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Research Papers: Multiphase Flows

Improvements of Particle Near-Wall Velocity and Erosion Predictions Using a Commercial CFD Code

[+] Author and Article Information
Yongli Zhang1

Department of Mechanical Engineering, University of Tulsa, 800 South Trucker Drive, Tulsa, OK 74104yongli-zhang@utulsa.edu

Brenton S. McLaury, Siamack A. Shirazi

Department of Mechanical Engineering, University of Tulsa, 800 South Trucker Drive, Tulsa, OK 74104

1

Corresponding author.

J. Fluids Eng 131(3), 031303 (Feb 05, 2009) (9 pages) doi:10.1115/1.3077139 History: Received November 16, 2007; Revised December 19, 2008; Published February 05, 2009

The determination of a representative particle impacting velocity is an important component in calculating solid particle erosion inside pipe geometry. Currently, most commercial computational fluid dynamics (CFD) codes allow the user to calculate particle trajectories using a Lagrangian approach. Additionally, the CFD codes calculate particle impact velocities with the pipe walls. However, these commercial CFD codes normally use a wall function to simulate the turbulent velocity field in the near-wall region. This wall-function velocity field near the wall can affect the small particle motion in the near-wall region. Furthermore, the CFD codes assume that particles have zero volume when particle impact information is being calculated. In this investigation, particle motions that are simulated using a commercially available CFD code are examined in the near-wall region. Calculated solid particle erosion patterns are compared with experimental data to investigate the accuracy of the models that are being used to calculate particle impacting velocities. While not considered in particle tracking routines in most CFD codes, the turbulent velocity profile in the near-wall region is taken into account in this investigation, and the effect on particle impact velocity is investigated. The simulation results show that the particle impact velocity is affected significantly when near-wall velocity profile is implemented. In addition, the effects of particle size are investigated in the near-wall region of a turbulent flow in a 90 deg sharp bend. A CFD code is modified to account for particle size effects in the near-wall region before and after the particle impact. It is found from the simulations that accounting for the rebound at the particle radius helps avoid nonphysical impacts and reduces the number of impacts by more than one order-of-magnitude for small particles (25μm) due to turbulent velocity fluctuations. For large particles (256μm), however, nonphysical impacts are not observed in the simulations. Solid particle erosion is predicted before and after introducing these modifications, and the results are compared with experimental data. It is shown that the near-wall modification and turbulent particle interactions significantly affect the simulation results. Modifications can significantly improve the current CFD-based solid particle erosion modeling.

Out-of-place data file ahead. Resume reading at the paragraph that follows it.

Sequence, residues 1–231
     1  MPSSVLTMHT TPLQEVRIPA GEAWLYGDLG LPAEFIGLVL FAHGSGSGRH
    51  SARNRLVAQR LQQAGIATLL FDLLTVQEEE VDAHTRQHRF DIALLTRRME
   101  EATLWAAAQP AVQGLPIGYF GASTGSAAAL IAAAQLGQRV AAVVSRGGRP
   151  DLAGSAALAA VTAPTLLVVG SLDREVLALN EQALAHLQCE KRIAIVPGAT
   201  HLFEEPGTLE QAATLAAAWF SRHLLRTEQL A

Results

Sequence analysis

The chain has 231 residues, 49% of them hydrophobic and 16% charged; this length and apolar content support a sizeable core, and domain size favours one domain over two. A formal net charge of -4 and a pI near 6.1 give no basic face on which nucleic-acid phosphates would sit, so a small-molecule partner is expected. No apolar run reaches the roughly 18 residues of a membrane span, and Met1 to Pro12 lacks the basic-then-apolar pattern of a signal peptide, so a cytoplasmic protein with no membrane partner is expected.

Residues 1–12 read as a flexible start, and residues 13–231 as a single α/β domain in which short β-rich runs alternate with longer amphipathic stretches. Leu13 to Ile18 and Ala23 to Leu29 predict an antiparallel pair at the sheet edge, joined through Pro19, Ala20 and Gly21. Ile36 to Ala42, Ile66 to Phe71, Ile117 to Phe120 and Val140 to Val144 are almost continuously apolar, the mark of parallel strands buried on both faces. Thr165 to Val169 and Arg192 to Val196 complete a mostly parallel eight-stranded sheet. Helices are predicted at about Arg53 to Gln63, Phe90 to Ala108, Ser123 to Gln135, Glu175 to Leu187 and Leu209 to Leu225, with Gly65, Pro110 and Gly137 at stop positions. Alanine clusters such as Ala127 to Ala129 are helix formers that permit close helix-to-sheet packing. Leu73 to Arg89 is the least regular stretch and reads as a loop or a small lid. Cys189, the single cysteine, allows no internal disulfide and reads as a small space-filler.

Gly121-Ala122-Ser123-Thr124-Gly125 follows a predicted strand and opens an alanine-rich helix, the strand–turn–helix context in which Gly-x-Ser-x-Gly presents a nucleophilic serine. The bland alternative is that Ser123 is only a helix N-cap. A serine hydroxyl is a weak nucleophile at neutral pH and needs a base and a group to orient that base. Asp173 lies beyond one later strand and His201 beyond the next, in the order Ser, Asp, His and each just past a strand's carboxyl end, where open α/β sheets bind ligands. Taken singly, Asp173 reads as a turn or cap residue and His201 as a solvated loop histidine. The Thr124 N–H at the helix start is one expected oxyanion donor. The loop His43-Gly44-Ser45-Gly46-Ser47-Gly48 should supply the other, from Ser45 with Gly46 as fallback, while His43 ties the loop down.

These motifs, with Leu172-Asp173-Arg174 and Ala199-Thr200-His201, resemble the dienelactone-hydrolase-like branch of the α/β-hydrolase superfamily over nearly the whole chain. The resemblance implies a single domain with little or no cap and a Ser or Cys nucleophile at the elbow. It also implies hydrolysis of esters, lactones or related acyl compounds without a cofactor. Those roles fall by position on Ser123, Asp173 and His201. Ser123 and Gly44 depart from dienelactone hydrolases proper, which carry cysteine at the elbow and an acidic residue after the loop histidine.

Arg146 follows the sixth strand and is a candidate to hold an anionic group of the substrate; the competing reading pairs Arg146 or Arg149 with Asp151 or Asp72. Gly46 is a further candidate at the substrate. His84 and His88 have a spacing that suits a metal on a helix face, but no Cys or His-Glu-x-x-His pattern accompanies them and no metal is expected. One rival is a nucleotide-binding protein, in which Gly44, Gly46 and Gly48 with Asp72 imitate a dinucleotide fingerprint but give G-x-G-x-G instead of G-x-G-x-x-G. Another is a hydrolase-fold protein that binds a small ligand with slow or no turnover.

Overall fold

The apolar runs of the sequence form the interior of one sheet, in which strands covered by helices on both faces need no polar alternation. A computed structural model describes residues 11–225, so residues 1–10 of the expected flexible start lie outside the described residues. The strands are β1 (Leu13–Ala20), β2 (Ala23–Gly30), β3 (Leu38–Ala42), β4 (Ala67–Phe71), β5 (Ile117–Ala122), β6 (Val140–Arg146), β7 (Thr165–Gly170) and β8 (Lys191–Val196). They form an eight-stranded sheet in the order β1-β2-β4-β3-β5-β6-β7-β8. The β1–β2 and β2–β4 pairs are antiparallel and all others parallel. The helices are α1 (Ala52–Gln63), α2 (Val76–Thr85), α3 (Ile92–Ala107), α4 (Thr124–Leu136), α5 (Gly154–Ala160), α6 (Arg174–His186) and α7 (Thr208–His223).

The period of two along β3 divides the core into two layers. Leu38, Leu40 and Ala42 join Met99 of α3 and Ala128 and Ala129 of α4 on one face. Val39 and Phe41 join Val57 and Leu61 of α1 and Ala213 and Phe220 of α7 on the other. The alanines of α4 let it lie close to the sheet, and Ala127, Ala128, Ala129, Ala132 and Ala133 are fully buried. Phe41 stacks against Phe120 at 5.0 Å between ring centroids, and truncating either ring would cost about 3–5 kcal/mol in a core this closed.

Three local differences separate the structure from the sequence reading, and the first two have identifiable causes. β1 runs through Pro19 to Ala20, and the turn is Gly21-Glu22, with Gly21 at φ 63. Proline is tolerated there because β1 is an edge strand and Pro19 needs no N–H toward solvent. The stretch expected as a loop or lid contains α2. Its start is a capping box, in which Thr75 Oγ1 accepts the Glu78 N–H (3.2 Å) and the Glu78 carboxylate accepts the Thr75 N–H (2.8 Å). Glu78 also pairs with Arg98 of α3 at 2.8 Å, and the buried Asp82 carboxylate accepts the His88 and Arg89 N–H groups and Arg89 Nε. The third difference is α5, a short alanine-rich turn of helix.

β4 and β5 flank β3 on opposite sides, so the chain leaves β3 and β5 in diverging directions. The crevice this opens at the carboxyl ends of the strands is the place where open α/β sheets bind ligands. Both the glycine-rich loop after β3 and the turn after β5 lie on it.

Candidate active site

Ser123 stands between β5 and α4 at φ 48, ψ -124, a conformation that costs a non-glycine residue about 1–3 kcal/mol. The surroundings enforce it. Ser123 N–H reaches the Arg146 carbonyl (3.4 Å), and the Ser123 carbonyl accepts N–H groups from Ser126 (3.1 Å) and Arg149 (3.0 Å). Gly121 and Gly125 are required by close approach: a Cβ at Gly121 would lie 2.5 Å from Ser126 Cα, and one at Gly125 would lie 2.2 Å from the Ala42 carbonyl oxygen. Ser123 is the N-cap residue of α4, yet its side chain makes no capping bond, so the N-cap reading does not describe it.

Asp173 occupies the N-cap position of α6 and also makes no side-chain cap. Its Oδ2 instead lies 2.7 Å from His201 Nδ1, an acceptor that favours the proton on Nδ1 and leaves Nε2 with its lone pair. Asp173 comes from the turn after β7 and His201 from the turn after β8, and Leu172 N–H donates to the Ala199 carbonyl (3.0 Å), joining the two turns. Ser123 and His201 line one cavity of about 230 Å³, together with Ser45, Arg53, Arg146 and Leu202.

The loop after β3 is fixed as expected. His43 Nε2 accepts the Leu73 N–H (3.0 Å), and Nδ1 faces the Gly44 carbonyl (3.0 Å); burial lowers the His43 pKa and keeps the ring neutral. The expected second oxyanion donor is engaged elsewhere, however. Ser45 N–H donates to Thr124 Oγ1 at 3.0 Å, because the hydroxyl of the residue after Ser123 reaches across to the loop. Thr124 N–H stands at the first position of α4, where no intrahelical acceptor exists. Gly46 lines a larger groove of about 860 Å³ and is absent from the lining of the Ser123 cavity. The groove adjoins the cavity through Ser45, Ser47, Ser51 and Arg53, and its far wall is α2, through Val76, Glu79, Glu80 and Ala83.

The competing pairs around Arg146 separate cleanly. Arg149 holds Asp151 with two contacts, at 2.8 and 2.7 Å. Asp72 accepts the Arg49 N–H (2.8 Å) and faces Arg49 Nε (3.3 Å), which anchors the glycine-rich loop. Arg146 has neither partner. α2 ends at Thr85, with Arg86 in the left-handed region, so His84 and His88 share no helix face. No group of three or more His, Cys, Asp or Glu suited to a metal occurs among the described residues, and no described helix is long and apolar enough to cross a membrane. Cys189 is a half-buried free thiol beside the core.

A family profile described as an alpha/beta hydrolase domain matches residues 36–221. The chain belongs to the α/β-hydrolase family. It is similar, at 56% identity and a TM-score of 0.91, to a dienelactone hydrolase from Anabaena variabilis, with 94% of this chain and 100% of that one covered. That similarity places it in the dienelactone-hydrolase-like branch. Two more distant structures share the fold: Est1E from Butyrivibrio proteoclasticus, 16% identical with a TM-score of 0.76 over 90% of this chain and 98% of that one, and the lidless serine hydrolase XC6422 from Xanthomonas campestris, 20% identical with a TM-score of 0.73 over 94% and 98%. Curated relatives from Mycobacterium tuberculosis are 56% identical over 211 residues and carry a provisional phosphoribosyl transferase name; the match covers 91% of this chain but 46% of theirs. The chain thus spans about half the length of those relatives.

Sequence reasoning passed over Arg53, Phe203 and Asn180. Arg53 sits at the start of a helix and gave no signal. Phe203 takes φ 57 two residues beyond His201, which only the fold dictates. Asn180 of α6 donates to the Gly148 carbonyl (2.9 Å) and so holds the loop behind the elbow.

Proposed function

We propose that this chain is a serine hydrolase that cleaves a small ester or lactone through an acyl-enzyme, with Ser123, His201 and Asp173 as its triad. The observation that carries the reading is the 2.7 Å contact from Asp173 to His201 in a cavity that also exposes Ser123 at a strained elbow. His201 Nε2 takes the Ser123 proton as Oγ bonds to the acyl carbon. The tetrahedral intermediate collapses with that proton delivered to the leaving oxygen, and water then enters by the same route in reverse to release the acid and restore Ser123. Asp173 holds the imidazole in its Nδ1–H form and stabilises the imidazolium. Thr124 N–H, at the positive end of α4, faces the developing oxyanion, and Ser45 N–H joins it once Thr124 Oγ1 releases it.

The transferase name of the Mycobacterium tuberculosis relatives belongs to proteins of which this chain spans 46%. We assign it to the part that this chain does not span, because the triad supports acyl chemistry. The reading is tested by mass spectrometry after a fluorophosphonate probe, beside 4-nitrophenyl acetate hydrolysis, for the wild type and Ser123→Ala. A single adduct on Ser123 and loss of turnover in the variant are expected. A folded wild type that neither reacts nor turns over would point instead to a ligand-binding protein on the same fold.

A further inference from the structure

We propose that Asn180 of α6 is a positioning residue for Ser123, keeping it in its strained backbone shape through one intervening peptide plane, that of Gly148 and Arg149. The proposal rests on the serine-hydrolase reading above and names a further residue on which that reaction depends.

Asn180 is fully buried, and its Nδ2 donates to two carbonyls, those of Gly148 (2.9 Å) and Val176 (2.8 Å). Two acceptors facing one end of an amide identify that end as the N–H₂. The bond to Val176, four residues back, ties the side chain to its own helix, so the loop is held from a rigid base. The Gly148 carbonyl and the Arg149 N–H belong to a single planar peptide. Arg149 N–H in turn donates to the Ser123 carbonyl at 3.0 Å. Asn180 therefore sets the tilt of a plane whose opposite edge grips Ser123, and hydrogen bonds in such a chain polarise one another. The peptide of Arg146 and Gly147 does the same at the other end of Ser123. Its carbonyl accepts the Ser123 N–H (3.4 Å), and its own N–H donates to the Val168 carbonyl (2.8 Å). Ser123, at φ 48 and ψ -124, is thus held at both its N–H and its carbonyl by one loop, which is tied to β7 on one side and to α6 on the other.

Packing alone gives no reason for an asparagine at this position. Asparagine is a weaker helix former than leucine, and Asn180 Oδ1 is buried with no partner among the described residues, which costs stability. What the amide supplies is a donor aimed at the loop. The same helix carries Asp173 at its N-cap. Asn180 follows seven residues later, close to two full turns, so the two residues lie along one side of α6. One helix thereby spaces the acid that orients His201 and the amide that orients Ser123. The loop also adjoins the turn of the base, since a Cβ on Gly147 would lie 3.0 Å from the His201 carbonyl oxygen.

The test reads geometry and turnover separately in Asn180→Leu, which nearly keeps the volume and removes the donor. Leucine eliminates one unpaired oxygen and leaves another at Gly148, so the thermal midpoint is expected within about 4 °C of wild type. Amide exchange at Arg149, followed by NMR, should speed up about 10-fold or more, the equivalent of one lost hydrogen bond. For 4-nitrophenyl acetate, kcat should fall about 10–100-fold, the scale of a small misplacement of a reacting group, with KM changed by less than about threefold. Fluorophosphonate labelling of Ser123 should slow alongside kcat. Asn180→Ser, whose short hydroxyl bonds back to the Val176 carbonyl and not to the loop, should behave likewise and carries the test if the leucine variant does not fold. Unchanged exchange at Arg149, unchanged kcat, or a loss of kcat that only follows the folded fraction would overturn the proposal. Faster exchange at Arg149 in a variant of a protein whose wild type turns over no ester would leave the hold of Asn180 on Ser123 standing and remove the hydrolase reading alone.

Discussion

Copyright © 2009 by American Society of Mechanical Engineers
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References

Figures

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Figure 1

Wall function region in FLUENT

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Figure 2

Determining variables at particle location (for inner cells)

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Figure 3

u+ comparison between calculated (CFD) and standard wall-function (linear law and log law) velocity profiles

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Figure 4

Schematics of rebound at wall and rebound at particle radius

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Figure 5

Schematic of flow loop (from Ref. 11)

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Figure 6

Material specimen wall thickness measurement (from Ref. 11)

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Figure 7

90 deg sharp bend used in simulations

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Figure 8

Mesh around the corner and on the inlet of the 90 deg sharp bend

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Figure 9

Predicted erosion using different types of mesh

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Figure 10

Effect of the number of particles being simulated

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Figure 11

Effects of the modifications on erosion pattern (test 1, 50 ft/s, 256 μm): left column: upstream; right column: downstream; first row: experimental data; second row: prediction without modifications; and third row: prediction with both modifications

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Figure 12

Effects of the modifications on erosion pattern (test 2, 50 ft/s, 25 μm): left column: upstream; right column: downstream; first row: experimental data; second row: prediction without modifications (note the change in scale); and third row: prediction with both modifications

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Figure 13

Effects of the modifications on erosion pattern (test 3, 85.8 ft/s, 25 μm): left column: upstream; right column: downstream; first row: experimental data; second row: prediction without modifications (note the change in scale); and third row: prediction with both modifications

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Figure 14

Effects of the modifications on erosion pattern (test 4, 85.8 ft/s, 256 μm): left column: upstream; right column: downstream; first row: experimental data; second row: prediction without modifications; and third row: prediction with both modifications

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Figure 15

Nonphysical particle trajectory near the wall

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